On April 1, 2011 FACTOR implemented their new guidelines, websites and programs, under the direction of the newly appointed President, Duncan McKie. Cashbox Canada had the opportunity to speak to McKie for a personal insight into his vision for FACTOR in the impending future.


CB: The biggest concern ‘on the street’ is that with changes in programs and funding that there could possibly be a cancellation of certain applications that would affect or eliminate the ‘indy artist’?
Duncan McKie: We will not be making any changes to our budgets until next year. We have new policies, as it was time for a change. My attitude is I want to have an open door policy. There is an infinite capacity for new ideas and I want the lines of communication to be open. I welcome calls and inquiries and FACTOR staff is available for anyone who needs assistance or guidance.


CB: You spent many years in the statistics and negotiations part of the business; as CBC Head of Audience Research for English Networks, TVO Ontario and with BBM Radio directly or indirectly in research of regulatory affairs. How do you see this benefiting your new role as President of FACTOR?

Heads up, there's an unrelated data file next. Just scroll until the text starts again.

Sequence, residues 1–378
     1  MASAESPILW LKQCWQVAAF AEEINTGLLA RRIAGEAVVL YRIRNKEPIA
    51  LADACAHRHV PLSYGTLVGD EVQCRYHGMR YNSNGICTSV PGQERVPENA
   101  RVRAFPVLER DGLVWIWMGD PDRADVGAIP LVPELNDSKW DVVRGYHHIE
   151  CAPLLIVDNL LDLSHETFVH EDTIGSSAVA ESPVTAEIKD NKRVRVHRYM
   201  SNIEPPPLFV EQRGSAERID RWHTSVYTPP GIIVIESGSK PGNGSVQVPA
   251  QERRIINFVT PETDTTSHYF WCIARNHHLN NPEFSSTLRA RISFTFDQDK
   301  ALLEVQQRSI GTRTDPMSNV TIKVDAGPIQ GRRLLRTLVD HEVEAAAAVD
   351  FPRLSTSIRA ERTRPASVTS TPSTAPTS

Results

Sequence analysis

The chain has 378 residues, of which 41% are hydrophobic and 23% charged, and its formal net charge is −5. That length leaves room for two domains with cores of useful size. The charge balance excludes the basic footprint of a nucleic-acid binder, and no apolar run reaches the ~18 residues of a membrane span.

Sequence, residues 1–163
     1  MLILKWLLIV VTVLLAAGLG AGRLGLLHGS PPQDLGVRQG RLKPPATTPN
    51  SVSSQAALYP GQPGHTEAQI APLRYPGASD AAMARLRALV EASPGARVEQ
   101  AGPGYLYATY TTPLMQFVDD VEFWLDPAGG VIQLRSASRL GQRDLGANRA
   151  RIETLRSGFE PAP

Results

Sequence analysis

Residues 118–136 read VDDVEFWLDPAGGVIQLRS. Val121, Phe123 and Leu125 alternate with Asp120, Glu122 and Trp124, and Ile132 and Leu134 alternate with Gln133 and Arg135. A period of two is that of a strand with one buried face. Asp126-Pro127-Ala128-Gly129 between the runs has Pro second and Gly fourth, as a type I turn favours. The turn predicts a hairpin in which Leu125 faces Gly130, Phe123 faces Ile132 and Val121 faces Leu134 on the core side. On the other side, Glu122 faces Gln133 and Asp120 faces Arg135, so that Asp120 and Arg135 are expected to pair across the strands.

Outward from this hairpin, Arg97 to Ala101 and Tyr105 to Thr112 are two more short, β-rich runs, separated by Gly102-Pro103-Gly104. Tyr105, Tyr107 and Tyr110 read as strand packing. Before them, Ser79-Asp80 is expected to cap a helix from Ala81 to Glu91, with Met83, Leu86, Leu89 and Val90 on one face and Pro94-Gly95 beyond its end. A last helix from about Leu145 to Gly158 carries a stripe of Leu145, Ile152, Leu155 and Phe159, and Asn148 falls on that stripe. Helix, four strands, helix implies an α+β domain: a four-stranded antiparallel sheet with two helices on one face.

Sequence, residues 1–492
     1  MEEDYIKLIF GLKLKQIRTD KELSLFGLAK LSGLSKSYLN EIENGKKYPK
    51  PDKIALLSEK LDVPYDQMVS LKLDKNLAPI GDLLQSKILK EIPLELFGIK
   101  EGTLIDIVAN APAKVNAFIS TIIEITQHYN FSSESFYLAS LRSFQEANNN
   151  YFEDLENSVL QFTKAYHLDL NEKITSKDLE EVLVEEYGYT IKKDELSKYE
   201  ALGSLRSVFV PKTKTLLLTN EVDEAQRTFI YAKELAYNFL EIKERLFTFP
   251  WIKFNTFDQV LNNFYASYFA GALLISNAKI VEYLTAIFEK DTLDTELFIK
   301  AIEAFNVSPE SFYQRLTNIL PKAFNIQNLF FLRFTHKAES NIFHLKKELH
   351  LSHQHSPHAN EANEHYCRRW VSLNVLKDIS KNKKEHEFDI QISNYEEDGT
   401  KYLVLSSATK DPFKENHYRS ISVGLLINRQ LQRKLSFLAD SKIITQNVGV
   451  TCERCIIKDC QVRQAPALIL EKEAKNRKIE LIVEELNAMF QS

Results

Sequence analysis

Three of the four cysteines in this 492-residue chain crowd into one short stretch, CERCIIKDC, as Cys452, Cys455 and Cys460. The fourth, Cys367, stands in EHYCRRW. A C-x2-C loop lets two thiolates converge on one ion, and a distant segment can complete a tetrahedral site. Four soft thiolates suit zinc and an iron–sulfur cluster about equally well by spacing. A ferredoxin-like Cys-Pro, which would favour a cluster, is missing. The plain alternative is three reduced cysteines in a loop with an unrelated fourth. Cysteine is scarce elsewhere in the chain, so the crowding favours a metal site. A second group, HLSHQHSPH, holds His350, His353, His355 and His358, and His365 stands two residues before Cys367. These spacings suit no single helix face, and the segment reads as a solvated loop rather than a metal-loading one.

Duncan McKie: I spent a considerable amount of time working in negotiations and statistics, and not necessarily the music side. I think I was the best equipped person to take over the position as it was time for a change. I am excited about the future, and look forward to the challenges and successes I anticipate for both FACTOR and myself.


CB: The FACTOR building is for sale. Naturally after the purchase and renovation of such a large building, why would it be up for sale at this present time?